The electromechanical loading situation at cracks in ferroelectric ceramics is essentially affected by domain switching. Under high electrical and/or mechanical external fields, the state of polarization and remanent strains is substantially changed at the crack tip. These irreversible dissipative processes influence the fracture toughness of the cracked ferroelectric material. In the present paper, the micromechanical domain switching processes at the crack tip are studied by numerical simulation and compared with the in situ experimental results obtained by Jones et al. (Acta Mater 55(16):5538-5548, 2007) using X-ray diffraction analyses in synchrotron. Main attention is payed to the spatial distribution of preferred domain orientation in a mechanically loaded compact tension specimen made of a soft tetragonal lead zirconate titanate ceramics. It is found that the mechanically induced favored domain orientation distribution depends on position within the plane of the CT specimen and correlates with projected deviatoric stresses and strains. Some issues concerning shortcomings in the experimental and simulation results are raised and discussed. The outcome of this type of simulations forms the basis for more realistic fracture mechanical evaluations in future.
The paper deals with evaluating the mean stress effect in multiaxial criteria for fatigue limit estimation, with special emphasis on the mean shear stress effect. The usual practice of accepting the mean normal stress effect and neglecting the effect of static torsion is scrutinized. Two methods—two critical plane criteria, PCr (Papuga Criterion) and QCP (Quadratic parameter on the Critical Plane)—are described, and additional local stress parameters representing the mean torsion effect are implemented. The efficiency of the new implementations is evaluated on a large data set of 407 fatigue limits. Additionally, outputs of two other well-known methods—the Crossland method and the Dang Van method—are provided for comparison. The positive outcome of including the mean shear stress effect is evident not only in cases of applied mean torsion load, but also in cases with purely axial loading or with biaxial configurations.
The present paper deals with a new holistic closed-form analytical model for the local buckling load of thin-walled composite beams with I-, Z-, C-, L- and T-cross sections under axial compressive load. The beam is simply supported at both ends (Euler case II), and the plate behaviour of web and flanges is described by the Classical Laminated Plate Theory. Furthermore, symmetric and orthotropic laminates are considered. In previous investigations on composite beams under compression, the web and flange plates are considered as separate composite plates. The present analysis is performed using the Ritz method in which an approach for the entire cross section is realized. The individual webs and flanges of the beam are assembled by suitable continuity conditions into one system. In order to achieve that, new displacement shape functions for web and flange that fulfil all boundary conditions have been developed. The present closed-form analytical method enables the explicit representation of the buckling load for the entire composite beam under axial compression. The comparison between the present approach and comparative finite element simulations shows a very satisfactory agreement. The present method is ideal for pre-designing such structures, highly efficient in terms of computational effort and very suitable for practical engineering work.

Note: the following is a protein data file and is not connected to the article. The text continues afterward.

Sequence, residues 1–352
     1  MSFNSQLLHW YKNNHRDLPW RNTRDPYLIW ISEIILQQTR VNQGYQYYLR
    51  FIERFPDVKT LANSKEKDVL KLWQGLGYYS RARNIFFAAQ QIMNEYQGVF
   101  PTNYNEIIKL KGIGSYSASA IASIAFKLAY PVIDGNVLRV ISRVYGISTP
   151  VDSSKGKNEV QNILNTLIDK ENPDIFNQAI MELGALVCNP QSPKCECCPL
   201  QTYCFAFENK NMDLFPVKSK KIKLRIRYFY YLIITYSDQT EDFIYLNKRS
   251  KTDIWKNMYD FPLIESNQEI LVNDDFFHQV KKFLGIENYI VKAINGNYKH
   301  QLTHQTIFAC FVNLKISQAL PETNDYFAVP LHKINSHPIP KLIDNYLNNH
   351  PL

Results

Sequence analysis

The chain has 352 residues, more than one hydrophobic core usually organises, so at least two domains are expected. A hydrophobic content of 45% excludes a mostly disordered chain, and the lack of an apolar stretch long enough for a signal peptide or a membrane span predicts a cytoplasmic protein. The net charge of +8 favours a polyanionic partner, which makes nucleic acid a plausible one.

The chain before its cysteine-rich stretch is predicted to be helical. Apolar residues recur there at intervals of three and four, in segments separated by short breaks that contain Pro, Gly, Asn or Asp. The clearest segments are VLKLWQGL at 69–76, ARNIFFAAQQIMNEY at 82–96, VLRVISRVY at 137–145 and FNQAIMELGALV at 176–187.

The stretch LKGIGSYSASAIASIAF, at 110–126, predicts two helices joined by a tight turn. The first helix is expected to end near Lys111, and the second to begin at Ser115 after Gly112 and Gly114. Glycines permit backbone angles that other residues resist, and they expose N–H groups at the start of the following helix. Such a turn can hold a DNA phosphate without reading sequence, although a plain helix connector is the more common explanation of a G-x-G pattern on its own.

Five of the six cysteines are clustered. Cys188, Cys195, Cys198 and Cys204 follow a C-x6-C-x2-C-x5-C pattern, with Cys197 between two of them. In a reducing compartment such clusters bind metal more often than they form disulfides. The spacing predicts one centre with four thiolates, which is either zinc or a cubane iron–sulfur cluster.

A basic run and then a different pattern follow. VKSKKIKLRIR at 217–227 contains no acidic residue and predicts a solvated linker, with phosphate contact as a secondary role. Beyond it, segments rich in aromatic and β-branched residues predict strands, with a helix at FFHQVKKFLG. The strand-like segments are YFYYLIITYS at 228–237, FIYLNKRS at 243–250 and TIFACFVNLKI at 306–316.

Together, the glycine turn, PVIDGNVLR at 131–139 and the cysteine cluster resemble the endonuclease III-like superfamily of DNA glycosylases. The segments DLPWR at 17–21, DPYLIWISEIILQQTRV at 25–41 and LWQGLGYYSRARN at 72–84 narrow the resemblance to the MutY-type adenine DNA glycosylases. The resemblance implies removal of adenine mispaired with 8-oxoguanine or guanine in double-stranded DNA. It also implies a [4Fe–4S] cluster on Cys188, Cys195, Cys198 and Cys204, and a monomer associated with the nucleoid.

This paper focuses on development of a new mathematical model and its analytical solution for the buckling analysis of elastic longitudinally cracked columns with finite axial adhesion between the cracked sections. Consequently, the analytical solution for buckling loads is derived for the first time. The critical buckling loads are calculated for different crack lengths and various degrees of the contact adhesion. It is shown that the critical buckling loads can be greatly affected by the crack length and degree of the connection between the cracked sections. Finally, the presented results can be used as a benchmark solution.
This work presents the results of a numerical sensitivity analysis of material density on crack propagation in nonlinear viscoelastic softening material models. Two basic material models are analyzed: Maxwell and Kelvin material models, under the loading with changing rate (slow or fast impact loading). The material is discretized as a lattice model, and the analysis is performed on simple examples consisting of several lattice bars. The mathematical description is based on the theory of dynamical systems, i.e., it is a system of nonlinear differential equations for Kelvin, and a system of nonlinear differential-algebraic equations for Maxwell material model. Sensitivity of displacements on mass and load rate accompanies the analysis.
For reducing the sticking or stick–slip phenomenon, this paper proposed a new torsional oscillator which could produce a circumferential torque vibration in the drilling process. Based on the working principle and fundamental structure, the generation mechanism of torsional vibration and the relationships of the mechanical parts are derived. Then, the dynamic model is established according to the drilling operation condition. With this, the further analysis of changing relationship between the inlet flow and torque is studied. The angular displacement and velocity of the valve body are analyzed according to the dynamics theory models. With the combination of the theoretical analysis model, the parameter studies are carried out by numerical example calculation. Finally, experiment test is conducted to identify the accuracy and reliability of the calculation method under the corresponding working conditions. The results show that with the constant pressure the average torque is proportional to the inlet flow. However, while the inlet pressure is invariable, the collision period is inversely proportional to the inlet flow, and the angular displacement and velocity are proportional to the inlet flow. The research results can provide references for the design and application of the torsional vibration tools, which is potential and significant in drilling engineering.